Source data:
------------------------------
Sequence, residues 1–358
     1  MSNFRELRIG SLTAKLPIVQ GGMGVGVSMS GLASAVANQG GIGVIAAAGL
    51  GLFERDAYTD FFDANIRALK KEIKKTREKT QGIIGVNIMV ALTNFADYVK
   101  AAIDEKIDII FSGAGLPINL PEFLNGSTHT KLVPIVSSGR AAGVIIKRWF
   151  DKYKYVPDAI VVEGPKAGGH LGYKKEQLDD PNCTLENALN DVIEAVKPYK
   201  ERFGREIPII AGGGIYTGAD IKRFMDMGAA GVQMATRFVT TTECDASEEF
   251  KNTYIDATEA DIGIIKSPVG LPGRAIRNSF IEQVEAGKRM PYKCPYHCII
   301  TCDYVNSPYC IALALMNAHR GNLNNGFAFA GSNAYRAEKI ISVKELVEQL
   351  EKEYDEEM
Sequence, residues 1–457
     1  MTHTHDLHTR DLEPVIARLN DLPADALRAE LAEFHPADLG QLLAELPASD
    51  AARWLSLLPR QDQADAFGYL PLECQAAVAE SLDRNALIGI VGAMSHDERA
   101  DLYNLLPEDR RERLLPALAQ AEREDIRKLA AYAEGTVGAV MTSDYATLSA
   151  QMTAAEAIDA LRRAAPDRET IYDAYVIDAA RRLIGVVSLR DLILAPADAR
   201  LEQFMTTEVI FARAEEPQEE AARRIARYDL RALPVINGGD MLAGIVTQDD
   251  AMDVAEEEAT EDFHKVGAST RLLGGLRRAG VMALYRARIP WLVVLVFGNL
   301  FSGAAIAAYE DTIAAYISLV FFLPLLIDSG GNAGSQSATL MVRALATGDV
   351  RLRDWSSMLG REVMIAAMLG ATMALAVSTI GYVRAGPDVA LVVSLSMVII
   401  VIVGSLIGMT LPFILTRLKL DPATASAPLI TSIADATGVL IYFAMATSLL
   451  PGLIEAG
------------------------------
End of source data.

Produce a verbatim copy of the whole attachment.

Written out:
Sequence, residues 1–358
     1  MSNFRELRIG SLTAKLPIVQ GGMGVGVSMS GLASAVANQG GIGVIAAAGL
    51  GLFERDAYTD FFDANIRALK KEIKKTREKT QGIIGVNIMV ALTNFADYVK
   101  AAIDEKIDII FSGAGLPINL PEFLNGSTHT KLVPIVSSGR AAGVIIKRWF
   151  DKYKYVPDAI VVEGPKAGGH LGYKKEQLDD PNCTLENALN DVIEAVKPYK
   201  ERFGREIPII AGGGIYTGAD IKRFMDMGAA GVQMATRFVT TTECDASEEF
   251  KNTYIDATEA DIGIIKSPVG LPGRAIRNSF IEQVEAGKRM PYKCPYHCII
   301  TCDYVNSPYC IALALMNAHR GNLNNGFAFA GSNAYRAEKI ISVKELVEQL
   351  EKEYDEEM
Sequence, residues 1–457
     1  MTHTHDLHTR DLEPVIARLN DLPADALRAE LAEFHPADLG QLLAELPASD
    51  AARWLSLLPR QDQADAFGYL PLECQAAVAE SLDRNALIGI VGAMSHDERA
   101  DLYNLLPEDR RERLLPALAQ AEREDIRKLA AYAEGTVGAV MTSDYATLSA
   151  QMTAAEAIDA LRRAAPDRET IYDAYVIDAA RRLIGVVSLR DLILAPADAR
   201  LEQFMTTEVI FARAEEPQEE AARRIARYDL RALPVINGGD MLAGIVTQDD
   251  AMDVAEEEAT EDFHKVGAST RLLGGLRRAG VMALYRARIP WLVVLVFGNL
   301  FSGAAIAAYE DTIAAYISLV FFLPLLIDSG GNAGSQSATL MVRALATGDV
   351  RLRDWSSMLG REVMIAAMLG ATMALAVSTI GYVRAGPDVA LVVSLSMVII
   401  VIVGSLIGMT LPFILTRLKL DPATASAPLI TSIADATGVL IYFAMATSLL
   451  PGLIEAG